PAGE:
He waited a minute after whispering to the empty living room. Must be hearing things. He shook the ball in his hand without much thought, alarmed to see a picture of himself smiling inside.
He shook it a few more times: Him smiling but with pointed teeth. Him cowering in fear. Him staring angrily straight at his real self. Recalling Halloween when he’d asked for some scary stories for Christmas, he silently chastised his parents. This was a little too far guys. Sliding the ball back into its box and then into the paper, he caught a glimpse of the picture glaring at him before it disappeared behind the holographic snowflake wrapping. Tossing this one back with the painting, Mort decided to call it a day.
Downtrodden, he turned to sulk back to his room. He nearly fell flat on his face tripping over a small package.
“What!?” His eyes went wide as the small box mewed its little heart out. “You can’t put a kitten in a box!” Mort’s joy at hearing the meowing turned to panic as he thought of how scared a little kitten would be, how hungry it was. It must have been freezing in there! He ungraciously ripped the paper and threw it to the floor. A few minutes fighting the tape later, it was finally free.
“Got it!” He threw open one of the box flaps, and the world plunged into darkness. The Christmas tree couldn’t have picked a worse time. He groped for the second box flap when the cat inside the box yowled loudly, ferociously.
“It’s okay little guy, I’m your friend!” He cooed to the spitting feline hesitantly, then slowly lowered his hand gently until he brushed the bottom.
Small hands explored the empty package frantically. Nothing. The hissing and growling stopped abruptly. Nervously, Mort tossed the box at the tree and backed away. The hair on his neck stood at end, reacting to the voices suddenly whispering his name. Harsh breath tickled the inside of his ears. Tears of fear welled up in his eyes, disorienting him even in the inky darkness. Invisible fingers traced their way up his back.. Mort panicked, bolting for the kitchen door.
Before he arrived, the darkness shifted and writhed around him, a living wall of shadow. A cat shaped itself out of ethereal shadows. Mort froze in place. The cat couldn’t be real, he could see the door right through it. But if it wasn’t real, why did he see the door in its sickly glow? He decided to take the chance. It couldn’t be real.
The apparition arched its back, growling and flicking at him with translucent claws. Shrieking in a human voice, the cat leaped at his face! Burning eyes and fetid breath burrowed into his mind. Mort yelled out and tripped over his own feet, dragging himself backward.
The cat was gone.
He flung himself off the ground into the nook of the fireplace. His back against the solid wall made him feel safer, and he could see the entire room from here. Well, would have anyway with some light. The deafening silence roared in his ears as spectral shapes flickered in and out.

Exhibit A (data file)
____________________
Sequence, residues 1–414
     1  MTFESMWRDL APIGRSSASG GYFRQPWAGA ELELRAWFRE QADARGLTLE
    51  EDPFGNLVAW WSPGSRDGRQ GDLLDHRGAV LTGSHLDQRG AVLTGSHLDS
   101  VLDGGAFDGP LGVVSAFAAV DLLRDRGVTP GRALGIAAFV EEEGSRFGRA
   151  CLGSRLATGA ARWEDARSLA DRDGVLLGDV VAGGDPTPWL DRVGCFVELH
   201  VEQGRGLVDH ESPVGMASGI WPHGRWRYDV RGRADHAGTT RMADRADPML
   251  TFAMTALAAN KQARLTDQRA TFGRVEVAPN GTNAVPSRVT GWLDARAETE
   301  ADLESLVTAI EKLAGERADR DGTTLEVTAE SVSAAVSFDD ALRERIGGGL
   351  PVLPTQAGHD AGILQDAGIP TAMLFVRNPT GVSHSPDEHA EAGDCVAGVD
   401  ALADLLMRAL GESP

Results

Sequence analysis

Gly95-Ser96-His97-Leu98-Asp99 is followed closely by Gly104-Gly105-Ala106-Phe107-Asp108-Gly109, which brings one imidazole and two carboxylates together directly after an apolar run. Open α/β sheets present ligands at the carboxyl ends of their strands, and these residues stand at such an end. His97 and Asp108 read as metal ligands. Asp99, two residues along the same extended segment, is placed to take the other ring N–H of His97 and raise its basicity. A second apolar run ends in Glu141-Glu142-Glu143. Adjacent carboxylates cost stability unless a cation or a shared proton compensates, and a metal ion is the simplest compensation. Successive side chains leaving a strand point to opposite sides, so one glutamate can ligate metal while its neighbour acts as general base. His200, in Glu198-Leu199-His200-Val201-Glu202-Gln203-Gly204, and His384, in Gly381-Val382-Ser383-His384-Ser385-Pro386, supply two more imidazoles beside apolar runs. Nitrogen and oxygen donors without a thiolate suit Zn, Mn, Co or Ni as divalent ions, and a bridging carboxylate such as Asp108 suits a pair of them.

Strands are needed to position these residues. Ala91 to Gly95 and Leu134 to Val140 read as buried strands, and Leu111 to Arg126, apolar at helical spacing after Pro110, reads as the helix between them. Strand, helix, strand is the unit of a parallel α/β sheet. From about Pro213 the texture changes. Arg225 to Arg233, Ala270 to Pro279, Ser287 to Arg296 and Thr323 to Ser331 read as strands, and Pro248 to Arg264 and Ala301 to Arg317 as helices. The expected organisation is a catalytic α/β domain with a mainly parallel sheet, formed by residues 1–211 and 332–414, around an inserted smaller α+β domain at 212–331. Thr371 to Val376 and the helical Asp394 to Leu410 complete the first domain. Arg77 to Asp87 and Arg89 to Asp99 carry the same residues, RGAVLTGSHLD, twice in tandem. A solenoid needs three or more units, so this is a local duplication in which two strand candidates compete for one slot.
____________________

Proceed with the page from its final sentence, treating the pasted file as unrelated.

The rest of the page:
Mort stayed very still, scarcely daring to breathe.
After a few minutes, he conjured his ninja alter-ego, Mortimer Wild the Kid. Elite super spy. He wouldn’t let himself be chased into corners by shadows and whispers!
Drawing to his full height, he took a defiant step forward, daring the shadows to come at him. Puffed up his chest with the next step, and then balled his fists at his side to-
An icy claw stabbed into is ankle, a strangled scream choking the boy. He fell into the tree face first. Every fake pine needle on the fake tree stabbed at him with malice, shoving him to the floor. The skeletal grip pulled him inexorably into the fireplace. His racing heart drown the rest of the world. Mort’s eyes were wide, gaping at the ethereal sinister face coalescing in the blackness. Its twisted smile laughing without a sound, opening ever wider as it drew him into its mouth.
No longer fighting the streaming tears, Mort pried violently at the clammy fist. He winced as his fingernails broke and bent backward, but still it remained.
He locked eyes with the monster in the fireplace, its gaze piercing his soul. The two stared unblinking for an eternity.
Bright light cut into his eyes suddenly, blinding him even worse than the horrible darkness.
“Mort, what the heck are you doing out here man?”
His fathers’ irritated voice rang hollow in Mort’s ears, bouncing to and fro in his head until he was ripped back to his senses.
“Dad!” Mort flung himself across the room into his fathers’ arms, burying his face into strong shoulders. Waves of relief washed over him, terrified sobs wracking his small frame. “Dad there’s something in the fireplace! It tried to eat me and I couldn’t get away and there was a cat and it tried to claw my face off and all the lights were off but the Christm-”
“Mort, Mort. It’s okay son, I’m right here buddy. You’re totally fine, you just had a nightmare.”
“No it was real! I saw the painting and the eight ball under the tree and then-”
“Judging by the paper all over the floor, I already know what you were doing.” Sighing, his father continued, “we told you if you couldn’t wait until Christmas day to open your presents that we’d have to take them back, didn’t we?”
His father’s stern voice held little room for discussion. Gathering Mort in his arms, the two traveled to his now brightly lit room.
An hour later, Mort lie in bed staring at the waving shadows on the ceiling. He promised to stay in bed so they wouldn’t throw away his presents, but the loud whispering in his bed and the yowling cat outside promised to make this night a very long one.